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How to reference an Encyclopedia Entry using the Chicago Manual of Style
The most basic entry for an encyclopedia/dictionary consists of the author name(s), encyclopedia/dictionary name, edition, article title, publication city, publisher, and year published.
Last Name, First Name. Encyclopedia/Dictionary name, Edition ed., s.v. “Article Title.” Publication City: Publisher Name, Year Published.
Smith, John. Encyclopaedia Britannica, 8th ed., s.v. “Internet.” Chicago: Encyclopaedia Britannica, 2009.
The first author’s name should be reversed, with a comma being placed after the last name and a period after the first name (or any middle name). The name should not be abbreviated and should be written exactly as it appears in the encyclopedia. Titles and affiliations associated with the author should be omitted. A suffix, such as a roman numeral or Jr./Sr. should appear after the author’s given name, preceded by a comma.
For an article written by two or more authors, list them in order as they appear in the encyclopedia. Only the first author’s name should be reversed, while the others are written in normal order. Separate author names with a comma.
Smith, John, and Jane Doe. Encyclopaedia Britannica, 8th ed., s.v. “Internet.” Chicago: Encyclopaedia Britannica, 2009.
Include the encyclopedia/dictionary name in italics, a comma, the encyclopedia/dictionary’s edition, and the abbreviation “ed.” Then include a comma and the abbreviation “s.v.”, and then place the article title, along with a period, in quotation marks.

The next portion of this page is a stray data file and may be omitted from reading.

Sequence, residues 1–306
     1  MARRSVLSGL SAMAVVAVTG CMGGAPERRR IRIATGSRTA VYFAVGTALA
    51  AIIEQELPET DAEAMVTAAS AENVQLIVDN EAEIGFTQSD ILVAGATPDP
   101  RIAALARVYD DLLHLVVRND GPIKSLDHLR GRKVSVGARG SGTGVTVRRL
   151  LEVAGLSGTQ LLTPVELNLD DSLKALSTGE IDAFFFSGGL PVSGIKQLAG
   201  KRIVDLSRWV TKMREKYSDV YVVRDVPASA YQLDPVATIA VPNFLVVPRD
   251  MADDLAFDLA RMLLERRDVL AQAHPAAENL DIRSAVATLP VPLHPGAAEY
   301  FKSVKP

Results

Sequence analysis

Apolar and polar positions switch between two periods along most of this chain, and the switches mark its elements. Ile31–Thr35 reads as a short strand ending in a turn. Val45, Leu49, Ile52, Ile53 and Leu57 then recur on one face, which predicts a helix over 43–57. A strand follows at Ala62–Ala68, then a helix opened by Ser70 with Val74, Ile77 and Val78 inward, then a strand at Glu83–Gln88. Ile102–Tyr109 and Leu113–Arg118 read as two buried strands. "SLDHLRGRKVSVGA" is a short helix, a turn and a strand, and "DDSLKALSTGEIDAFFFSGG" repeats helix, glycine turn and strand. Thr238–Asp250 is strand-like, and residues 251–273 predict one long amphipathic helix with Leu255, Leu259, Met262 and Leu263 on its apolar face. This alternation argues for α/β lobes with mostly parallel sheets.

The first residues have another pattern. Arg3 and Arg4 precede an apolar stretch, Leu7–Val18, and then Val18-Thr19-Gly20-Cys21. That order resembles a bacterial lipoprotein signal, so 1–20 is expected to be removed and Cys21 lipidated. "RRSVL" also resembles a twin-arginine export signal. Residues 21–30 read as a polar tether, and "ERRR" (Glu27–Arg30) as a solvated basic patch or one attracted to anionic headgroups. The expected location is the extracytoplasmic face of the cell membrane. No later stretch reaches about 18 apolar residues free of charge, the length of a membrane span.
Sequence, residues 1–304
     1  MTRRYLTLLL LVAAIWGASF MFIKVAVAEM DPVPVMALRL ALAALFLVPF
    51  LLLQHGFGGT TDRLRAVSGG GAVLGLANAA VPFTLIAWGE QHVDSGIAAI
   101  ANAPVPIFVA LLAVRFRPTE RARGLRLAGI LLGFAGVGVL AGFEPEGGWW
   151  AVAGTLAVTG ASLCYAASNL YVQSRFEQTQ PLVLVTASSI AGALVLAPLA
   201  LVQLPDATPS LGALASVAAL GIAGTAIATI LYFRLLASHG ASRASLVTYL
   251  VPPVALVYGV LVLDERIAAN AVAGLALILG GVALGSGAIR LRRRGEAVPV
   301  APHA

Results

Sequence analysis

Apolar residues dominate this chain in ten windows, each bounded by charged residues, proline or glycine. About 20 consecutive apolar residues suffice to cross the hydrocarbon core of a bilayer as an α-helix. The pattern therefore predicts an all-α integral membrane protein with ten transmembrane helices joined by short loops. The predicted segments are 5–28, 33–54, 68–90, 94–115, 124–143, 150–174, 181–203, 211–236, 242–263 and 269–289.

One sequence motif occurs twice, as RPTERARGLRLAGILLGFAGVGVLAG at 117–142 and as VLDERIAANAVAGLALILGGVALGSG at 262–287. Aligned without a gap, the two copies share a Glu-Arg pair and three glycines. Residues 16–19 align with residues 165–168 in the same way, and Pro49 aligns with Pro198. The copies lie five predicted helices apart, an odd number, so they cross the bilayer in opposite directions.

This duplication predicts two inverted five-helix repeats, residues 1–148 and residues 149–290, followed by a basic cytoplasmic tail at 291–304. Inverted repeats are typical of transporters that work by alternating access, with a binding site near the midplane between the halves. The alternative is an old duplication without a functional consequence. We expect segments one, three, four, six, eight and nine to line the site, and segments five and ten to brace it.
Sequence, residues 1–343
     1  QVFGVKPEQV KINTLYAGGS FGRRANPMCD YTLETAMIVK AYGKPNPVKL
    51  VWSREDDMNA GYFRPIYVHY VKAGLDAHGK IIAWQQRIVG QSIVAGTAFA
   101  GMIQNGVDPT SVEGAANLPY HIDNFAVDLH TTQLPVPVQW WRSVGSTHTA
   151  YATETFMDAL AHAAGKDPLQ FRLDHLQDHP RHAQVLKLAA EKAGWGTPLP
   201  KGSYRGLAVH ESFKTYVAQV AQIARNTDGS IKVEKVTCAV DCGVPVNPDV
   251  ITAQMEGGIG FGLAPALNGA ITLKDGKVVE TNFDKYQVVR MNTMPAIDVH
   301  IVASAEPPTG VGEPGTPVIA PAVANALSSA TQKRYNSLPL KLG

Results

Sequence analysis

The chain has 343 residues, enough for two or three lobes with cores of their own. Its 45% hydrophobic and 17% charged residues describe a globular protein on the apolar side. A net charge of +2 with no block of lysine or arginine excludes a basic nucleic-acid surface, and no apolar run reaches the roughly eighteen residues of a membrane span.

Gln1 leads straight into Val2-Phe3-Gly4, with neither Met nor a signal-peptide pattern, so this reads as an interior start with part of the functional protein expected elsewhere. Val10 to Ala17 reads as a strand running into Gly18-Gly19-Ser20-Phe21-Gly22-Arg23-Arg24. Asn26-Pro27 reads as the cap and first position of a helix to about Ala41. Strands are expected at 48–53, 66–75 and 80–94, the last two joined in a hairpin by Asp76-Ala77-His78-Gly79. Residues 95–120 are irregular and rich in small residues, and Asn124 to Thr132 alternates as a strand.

If the encyclopedia/dictionary’s volume is available and the work does not arrange entries alphabetically, cite the volume after the article title, along with the abbreviation “vols.”
Smith, John. Encyclopaedia Britannica, 8th ed., s.v. “Internet.” 20 vols. Chicago: Encyclopaedia Britannica, 2009.
Include the city of publication, a colon, the publisher, a comma, and the year of publication. End the citation with a period.
If the article has no author, begin the citation with the encyclopedia/dictionary name.
Encyclopaedia Britannica, 8th ed., s.v. “Internet.” Chicago: Encyclopaedia Britannica, 2009.
If you are citing the entire encyclopedia/dictionary and not a specific article, exclude the following parts of the citation: the authors, the article title, and the “s.v.” abbreviation.
Encyclopaedia Britannica, 8th ed. Chicago: Encyclopaedia Britannica, 2009.
If the article was published online, include the web address of the article, and then place the word “accessed”, along with the date on which you accessed the website (written in the format of “month day, year”) in parentheses. Conclude the citation with a period after the parentheses.
Smith, John. Encyclopaedia Britannica, 8th ed., s.v. “Internet.” Chicago: Encyclopaedia Britannica, 2009. http://www.britannica.com/articles/id=2533 (accessed February 21, 2009).
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Bibliography, the systematic cataloging, study, and description of written and printed works, especially books.